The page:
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One of the best articles I've read in awhile


habsfannova

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In many ways I agree with him.

At what point did entertaining the masses become secondary to breaking even/turning a profit.

The owners whine about losing money, and I agree that having your bottom line reduced by a couple million dollars per season isn't fun... but you aren't losing money. You're paying for entertainment... the entertainment that can bind a city together like has happened in Calgary. There are some owners who can't afford this loss, but there are many who can afford to take a few million dollars worth of hits over a period. To them I say 'thanks'.

Everyone always says "hockey's a business". Why does it have to be? Why can't it just be a bunch of grown men acting like kids on a pond, and getting paid for it? I say, restrict salaries to a pay scale determined by performance that's the same for every NHL player, and let's eliminate the negotiations, the greed, and contracts that have poisoned such a beautiful game. Also, a hard salary cap combined with such a pay scale would result in the distribution of talent, provide more cost-certainty, and provide motivation for players to excel every year, not just in years prior to free agency.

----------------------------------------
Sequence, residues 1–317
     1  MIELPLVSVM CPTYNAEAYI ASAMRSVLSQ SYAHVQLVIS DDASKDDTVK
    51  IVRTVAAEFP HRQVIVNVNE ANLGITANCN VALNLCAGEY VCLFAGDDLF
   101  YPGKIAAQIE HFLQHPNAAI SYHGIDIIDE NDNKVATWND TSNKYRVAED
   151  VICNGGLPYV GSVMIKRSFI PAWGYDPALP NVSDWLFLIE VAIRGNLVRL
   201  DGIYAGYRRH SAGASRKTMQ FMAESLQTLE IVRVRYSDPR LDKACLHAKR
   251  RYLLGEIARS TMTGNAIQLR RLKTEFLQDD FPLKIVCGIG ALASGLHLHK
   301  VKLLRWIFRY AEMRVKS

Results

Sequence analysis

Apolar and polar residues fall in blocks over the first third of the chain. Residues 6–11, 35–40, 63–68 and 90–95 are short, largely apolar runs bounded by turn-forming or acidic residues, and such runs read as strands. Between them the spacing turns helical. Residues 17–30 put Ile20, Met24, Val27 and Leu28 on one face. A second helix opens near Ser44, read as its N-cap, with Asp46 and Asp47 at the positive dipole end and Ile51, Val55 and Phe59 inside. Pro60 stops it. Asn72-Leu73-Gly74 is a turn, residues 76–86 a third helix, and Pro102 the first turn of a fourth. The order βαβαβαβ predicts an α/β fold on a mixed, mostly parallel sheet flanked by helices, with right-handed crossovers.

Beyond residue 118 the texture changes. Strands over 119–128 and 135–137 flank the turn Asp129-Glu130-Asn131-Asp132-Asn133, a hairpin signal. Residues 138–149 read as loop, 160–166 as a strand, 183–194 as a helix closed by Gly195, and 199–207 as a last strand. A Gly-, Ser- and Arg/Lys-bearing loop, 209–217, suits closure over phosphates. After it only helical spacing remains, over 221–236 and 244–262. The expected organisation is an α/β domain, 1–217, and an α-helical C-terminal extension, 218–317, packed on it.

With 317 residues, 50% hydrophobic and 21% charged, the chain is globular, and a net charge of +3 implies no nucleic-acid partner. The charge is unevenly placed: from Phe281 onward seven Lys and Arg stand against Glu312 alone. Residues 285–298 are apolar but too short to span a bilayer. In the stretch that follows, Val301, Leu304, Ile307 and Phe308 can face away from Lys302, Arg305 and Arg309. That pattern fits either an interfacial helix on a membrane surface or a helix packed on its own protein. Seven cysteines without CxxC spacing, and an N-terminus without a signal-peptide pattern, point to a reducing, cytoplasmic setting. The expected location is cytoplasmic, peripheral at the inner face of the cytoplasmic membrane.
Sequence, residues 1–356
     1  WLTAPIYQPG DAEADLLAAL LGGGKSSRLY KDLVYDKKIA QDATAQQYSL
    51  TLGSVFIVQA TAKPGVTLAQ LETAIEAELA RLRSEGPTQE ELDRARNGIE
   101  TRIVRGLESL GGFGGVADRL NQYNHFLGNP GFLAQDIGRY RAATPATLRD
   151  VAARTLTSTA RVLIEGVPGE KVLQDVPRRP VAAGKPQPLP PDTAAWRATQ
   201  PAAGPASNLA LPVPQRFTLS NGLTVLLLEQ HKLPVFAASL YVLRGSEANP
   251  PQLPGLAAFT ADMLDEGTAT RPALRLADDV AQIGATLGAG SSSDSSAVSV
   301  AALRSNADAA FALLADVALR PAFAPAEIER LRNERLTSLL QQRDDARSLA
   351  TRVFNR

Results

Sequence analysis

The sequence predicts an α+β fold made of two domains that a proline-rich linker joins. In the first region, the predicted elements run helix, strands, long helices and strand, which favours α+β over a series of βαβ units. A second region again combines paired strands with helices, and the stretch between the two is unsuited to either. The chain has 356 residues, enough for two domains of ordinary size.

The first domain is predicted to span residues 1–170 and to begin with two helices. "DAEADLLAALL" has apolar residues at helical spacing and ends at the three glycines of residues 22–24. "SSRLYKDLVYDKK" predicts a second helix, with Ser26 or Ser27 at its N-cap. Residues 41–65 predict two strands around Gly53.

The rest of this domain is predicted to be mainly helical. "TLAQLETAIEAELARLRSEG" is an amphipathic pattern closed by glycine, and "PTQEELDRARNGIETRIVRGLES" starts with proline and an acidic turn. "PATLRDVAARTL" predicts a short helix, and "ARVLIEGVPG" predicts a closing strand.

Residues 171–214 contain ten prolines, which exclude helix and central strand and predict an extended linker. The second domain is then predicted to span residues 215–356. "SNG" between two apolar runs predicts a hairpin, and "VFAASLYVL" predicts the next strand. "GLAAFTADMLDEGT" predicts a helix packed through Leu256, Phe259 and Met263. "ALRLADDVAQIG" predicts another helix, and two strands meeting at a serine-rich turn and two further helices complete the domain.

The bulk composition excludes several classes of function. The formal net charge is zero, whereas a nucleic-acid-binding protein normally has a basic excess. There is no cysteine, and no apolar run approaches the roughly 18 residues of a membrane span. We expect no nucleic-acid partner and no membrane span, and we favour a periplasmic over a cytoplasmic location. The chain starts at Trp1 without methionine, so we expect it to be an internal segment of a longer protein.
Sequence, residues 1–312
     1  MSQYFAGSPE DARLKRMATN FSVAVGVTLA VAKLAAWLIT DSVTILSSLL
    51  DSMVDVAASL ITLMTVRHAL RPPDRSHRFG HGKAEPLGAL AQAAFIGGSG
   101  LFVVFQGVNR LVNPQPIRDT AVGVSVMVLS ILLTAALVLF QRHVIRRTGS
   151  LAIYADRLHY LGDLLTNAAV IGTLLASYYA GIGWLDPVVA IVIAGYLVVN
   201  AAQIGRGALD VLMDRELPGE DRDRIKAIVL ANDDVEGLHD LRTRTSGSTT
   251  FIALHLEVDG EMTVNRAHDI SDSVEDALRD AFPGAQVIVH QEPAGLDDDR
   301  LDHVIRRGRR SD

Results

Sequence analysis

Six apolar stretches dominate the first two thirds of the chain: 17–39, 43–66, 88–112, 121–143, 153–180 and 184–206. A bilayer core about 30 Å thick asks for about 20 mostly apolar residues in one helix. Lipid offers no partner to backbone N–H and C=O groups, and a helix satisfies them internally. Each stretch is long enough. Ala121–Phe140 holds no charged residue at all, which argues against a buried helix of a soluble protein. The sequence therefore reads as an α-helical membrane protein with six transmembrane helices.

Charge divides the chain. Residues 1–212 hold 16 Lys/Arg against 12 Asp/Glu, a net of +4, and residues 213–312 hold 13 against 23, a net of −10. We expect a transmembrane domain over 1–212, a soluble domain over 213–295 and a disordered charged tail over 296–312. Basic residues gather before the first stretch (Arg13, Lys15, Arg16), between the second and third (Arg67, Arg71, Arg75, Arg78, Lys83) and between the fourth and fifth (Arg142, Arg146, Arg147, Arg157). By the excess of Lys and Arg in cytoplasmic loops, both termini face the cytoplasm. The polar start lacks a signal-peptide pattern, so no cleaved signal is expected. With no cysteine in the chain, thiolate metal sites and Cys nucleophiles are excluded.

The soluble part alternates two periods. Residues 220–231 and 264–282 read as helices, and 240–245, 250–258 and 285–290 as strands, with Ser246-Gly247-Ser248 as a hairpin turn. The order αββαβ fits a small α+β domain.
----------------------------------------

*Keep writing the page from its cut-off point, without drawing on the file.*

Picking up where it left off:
There is a way to fix hockey. However to find this fix, I believe owners and players need to start thinking beyond $X millions, take a step back, and realize that the ability to play the game and to watch the best players in the game is a privilege. As a kid growing up, almost every kid says they'd play for free if given a chance in the NHL. That's where we need to start negotiating from.

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What I find odd is the players have a union--but can negotiate individual salaries..

Sort of a contradiction, so I have actually proprsed what SyPhi is saying (or similar)

SO you're a first line centre with 7 years in the league, and you've scored over 30 goals in 4 of them--this is your salary...

Then each player is also able to collect bonuses--based on both team & individual accomplishments---

That's how the Union where I work operates with management--and it gives me a fair compensation for what I give to the company--